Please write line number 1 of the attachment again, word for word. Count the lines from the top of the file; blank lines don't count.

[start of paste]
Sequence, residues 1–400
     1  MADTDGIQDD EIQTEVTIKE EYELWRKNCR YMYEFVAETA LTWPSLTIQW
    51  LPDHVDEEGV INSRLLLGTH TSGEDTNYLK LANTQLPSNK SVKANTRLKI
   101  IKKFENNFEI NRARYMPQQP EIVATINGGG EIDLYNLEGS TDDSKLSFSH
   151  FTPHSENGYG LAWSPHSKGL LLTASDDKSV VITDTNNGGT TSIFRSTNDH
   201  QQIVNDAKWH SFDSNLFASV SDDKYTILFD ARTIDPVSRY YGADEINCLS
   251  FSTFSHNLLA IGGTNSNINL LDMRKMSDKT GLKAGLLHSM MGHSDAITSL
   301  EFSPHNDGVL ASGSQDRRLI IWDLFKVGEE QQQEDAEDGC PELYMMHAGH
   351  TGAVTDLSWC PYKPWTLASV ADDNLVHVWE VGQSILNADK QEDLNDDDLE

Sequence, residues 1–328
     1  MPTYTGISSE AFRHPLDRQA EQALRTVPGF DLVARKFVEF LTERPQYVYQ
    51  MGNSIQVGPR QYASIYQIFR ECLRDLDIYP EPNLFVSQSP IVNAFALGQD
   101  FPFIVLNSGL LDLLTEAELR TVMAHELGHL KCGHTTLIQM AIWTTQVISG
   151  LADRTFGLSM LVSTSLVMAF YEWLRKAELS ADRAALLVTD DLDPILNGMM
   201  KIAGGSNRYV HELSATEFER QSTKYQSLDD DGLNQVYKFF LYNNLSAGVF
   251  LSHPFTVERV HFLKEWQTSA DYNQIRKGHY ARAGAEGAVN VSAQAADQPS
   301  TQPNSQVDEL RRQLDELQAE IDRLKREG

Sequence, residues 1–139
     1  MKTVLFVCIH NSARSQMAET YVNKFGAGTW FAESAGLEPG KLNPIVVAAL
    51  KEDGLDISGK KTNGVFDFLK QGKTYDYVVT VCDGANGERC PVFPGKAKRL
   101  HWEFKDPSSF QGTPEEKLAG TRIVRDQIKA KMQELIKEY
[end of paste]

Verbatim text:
Sequence, residues 1–400